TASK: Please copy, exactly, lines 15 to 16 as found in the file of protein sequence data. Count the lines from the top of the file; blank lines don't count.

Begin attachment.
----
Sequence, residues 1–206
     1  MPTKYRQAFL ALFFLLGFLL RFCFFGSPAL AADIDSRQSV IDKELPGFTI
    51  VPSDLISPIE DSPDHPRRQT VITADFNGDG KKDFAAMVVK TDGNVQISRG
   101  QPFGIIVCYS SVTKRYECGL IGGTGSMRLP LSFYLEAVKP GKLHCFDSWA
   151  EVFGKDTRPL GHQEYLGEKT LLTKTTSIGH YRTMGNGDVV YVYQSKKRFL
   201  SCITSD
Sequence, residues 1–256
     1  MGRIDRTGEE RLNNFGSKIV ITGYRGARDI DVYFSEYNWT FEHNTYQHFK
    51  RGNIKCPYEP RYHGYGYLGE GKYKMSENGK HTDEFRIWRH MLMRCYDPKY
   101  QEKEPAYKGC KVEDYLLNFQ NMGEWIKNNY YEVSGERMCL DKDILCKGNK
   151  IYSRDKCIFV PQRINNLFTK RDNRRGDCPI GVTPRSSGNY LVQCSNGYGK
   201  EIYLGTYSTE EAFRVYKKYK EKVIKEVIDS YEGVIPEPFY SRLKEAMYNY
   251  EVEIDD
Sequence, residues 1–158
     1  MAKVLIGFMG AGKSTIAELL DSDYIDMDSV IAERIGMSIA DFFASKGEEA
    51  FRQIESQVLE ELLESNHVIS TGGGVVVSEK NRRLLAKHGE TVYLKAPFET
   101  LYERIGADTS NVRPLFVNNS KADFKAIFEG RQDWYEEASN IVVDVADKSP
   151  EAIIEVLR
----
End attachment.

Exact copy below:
     1  MAKVLIGFMG AGKSTIAELL DSDYIDMDSV IAERIGMSIA DFFASKGEEA
    51  FRQIESQVLE ELLESNHVIS TGGGVVVSEK NRRLLAKHGE TVYLKAPFET